NATO – Western colonial shadow looms over Asia againApr 14, 2022
Making Australia an instrument of US/NATO in pursuit of objectives so consciously eschewed by our near neighbours will ultimately undermine both the security and prosperity of Australia.
At a press conference on 8 April 2022, in the context of a meeting of Foreign Ministers of NATO and allies (including Australia, New Zealand, South Korea and Japan), NATO Secretary General Stoltenberg announced that NATO heads of state and government would approve a new Strategic Concept, to formalise extending NATO’s reach into the Asia/Pacific region, with the explicit aim of countering “China’s growing influence and coercive policies”.
Beside increased cooperation in cyber, new technology and countering disinformation (particularly ironic in the light of the relentless Western barrage of disinformation in relation to both Russia and China), NATO and its Asia/Pacific allies would “work more closely together in…maritime security”.
This announcement directly contradicts President Biden’s reassurance to President Xi Jinping on 18 March that the US “does not seek a new Cold War with China” and that ”the revitalisation of its alliances is not targeted at China”.
It reinforces Xi’s complaint that “people on the US side have not acted on President Biden’s positive statements. The US has misperceived and miscalculated China’s strategic intentions”.
China’s intention, reiterated in almost every foreign policy statement, is to work within the UN system to strengthen it and make it fairer for developing countries. The US sees this as undermining the “rules based order” devised by, and for the benefit of the US and its allies.
One such ally is Australia, which perceives its well-being as inextricably tied to this order, particularly the US dominated system of global financial controls, which it increasingly weaponises through the imposition of sanctions.
The US and NATO characterise China’s aim as a sign of its “aggression”, whilst they are unable to cite any actual instance of current or historic military aggression by China, in contrast to the many wars launched by the US in Asia, Latin America and the Middle East.
Stoltenberg decried China’s refusal to take the West’s side in condemning Russia’s invasion of Ukraine as an indication of China’s seeking to deny the right of other countries to “choose their own path”. This contrasts with Australia’s attempts to prevent the Solomon Islands from choosing its own path in relation to port development collaboration with China.
He made no acknowledgement of China’s insistence on maintaining a policy of neutrality and non-interference, which China has said would enable it to be an impartial mediator in possible peace negotiations.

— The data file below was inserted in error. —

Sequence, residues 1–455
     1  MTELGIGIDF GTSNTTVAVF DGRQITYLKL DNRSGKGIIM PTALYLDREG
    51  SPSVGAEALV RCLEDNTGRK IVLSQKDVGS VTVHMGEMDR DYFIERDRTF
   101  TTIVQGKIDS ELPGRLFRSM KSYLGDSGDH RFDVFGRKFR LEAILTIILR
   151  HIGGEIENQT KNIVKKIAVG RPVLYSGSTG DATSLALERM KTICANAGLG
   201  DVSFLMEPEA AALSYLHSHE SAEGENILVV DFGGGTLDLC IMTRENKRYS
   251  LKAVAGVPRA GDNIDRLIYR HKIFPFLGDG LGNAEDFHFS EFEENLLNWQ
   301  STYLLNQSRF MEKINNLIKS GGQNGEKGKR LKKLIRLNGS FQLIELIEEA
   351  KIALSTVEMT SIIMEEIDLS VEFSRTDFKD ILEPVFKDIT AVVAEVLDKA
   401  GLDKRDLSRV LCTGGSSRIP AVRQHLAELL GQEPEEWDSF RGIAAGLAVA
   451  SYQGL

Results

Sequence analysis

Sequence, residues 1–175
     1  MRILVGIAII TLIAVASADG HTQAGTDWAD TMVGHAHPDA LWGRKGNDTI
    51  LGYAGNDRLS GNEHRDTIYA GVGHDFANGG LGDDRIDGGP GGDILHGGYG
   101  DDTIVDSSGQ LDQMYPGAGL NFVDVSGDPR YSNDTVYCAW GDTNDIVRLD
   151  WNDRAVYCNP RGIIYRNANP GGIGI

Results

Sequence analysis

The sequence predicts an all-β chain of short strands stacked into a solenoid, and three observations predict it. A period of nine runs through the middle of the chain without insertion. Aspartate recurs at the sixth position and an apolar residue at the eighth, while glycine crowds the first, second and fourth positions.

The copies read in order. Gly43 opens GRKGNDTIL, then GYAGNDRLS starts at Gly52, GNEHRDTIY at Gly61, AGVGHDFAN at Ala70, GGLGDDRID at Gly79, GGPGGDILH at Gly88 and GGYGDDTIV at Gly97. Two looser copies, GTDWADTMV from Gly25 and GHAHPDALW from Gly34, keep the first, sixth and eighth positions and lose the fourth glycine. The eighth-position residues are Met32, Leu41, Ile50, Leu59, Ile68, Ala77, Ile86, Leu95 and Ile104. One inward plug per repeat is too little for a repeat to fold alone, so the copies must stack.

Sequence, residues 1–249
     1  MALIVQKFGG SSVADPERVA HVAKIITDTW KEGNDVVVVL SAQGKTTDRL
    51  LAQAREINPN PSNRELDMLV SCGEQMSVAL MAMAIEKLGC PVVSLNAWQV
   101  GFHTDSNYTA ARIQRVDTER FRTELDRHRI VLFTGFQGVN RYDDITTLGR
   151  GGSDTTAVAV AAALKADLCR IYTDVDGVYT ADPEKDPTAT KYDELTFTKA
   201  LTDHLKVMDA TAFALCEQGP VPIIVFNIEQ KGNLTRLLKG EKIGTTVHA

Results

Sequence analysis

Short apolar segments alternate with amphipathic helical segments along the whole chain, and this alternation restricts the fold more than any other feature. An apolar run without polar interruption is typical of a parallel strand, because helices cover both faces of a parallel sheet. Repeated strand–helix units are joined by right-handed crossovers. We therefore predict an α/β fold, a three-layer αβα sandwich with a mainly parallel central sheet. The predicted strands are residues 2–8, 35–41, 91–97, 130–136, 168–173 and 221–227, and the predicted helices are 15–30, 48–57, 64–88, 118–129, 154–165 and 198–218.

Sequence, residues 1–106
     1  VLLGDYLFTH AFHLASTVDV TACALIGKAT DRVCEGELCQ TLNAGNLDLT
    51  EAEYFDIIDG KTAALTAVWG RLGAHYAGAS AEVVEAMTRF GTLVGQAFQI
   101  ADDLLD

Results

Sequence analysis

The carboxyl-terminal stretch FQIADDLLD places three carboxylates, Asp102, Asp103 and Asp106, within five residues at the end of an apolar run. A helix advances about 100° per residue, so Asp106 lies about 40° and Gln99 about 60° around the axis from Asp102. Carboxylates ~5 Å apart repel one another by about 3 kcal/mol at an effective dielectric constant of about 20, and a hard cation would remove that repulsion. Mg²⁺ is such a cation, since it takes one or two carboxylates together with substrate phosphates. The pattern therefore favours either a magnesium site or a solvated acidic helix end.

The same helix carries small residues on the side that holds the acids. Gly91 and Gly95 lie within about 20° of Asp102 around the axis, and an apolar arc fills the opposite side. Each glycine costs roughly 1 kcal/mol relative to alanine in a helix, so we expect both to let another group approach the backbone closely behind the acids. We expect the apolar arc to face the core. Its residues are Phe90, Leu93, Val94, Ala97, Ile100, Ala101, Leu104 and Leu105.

He did not make a similar criticism of India, which has firmly maintained neutrality with regard to the war, whilst continuing beneficial economic, financial and even armament collaboration with Russia.
India, through its signature of the charter of the Shanghai Cooperation Organisation (to which Russia is also a signatory) has undertaken obligations for security cooperation with China, within the context of non-interference and respect for territorial integrity and sovereign borders.
Stoltenberg’s announcement is unlikely to have been received with enthusiasm in Asian capitals, where the bitter experience of Western colonial domination is still within living memory.
Apart from Japan and Singapore, Asian countries (along with the rest of the developing world) have refrained from sanctioning Russia and have avoided expressions of hostility towards China. They have instead opted for collaboration with China, especially on infrastructure development under its Belt and Road initiative (BRI).
Australia’s collaboration in NATO’s power projection into the Asia/Pacific region will further alienate it from its closest neighbours. ASEAN renewed its Comprehensive Strategic Partnership with China in November last year and each of its member countries has reaffirmed its willingness to cooperate with China.
Most of South East Asia expressed misgivings about AUKUS undermining regional security and provoking a potential arms race. NATO’s characterisation of AUKUS as a key instrument for the intensification of NATO’s Asia/Pacific involvement, will have reinforced these concerns and increased their distrust of Australia as seeking to enlist outside power to increase its weight in the region.
As far back as July 1971, Foreign Affairs Policy Planning Paper QP11/71 argued that Australia “shall need now more than ever to formulate independent policies, based on Australian national interests and those of our near neighbours”. Making Australia an instrument of US/NATO in pursuit of objectives so consciously eschewed by our near neighbours will ultimately undermine both the security and prosperity of Australia.
Hitherto, New Zealand had avoided adopting Australia’s hostile policy towards China. Its apparent about-face, by attending the NATO Foreign Ministers meeting and supporting NATO’s push into the Asia/Pacific, drew a stinging rebuke from the former Minister of Disarmament and Arms Control and Associate Foreign Minister, Matt Robson:
‘If we are to adhere to the principles enshrined in the hard won 1987 Nuclear Free Zone Arms Control and Disarmament Act, we should withdraw from the partnership with nuclear-armed Nato and its aggressive war plans, and join, with clean hands, and return to the independent foreign policy that I was proud as a minister to promote.’
His admonition is one that Australia would do well to heed.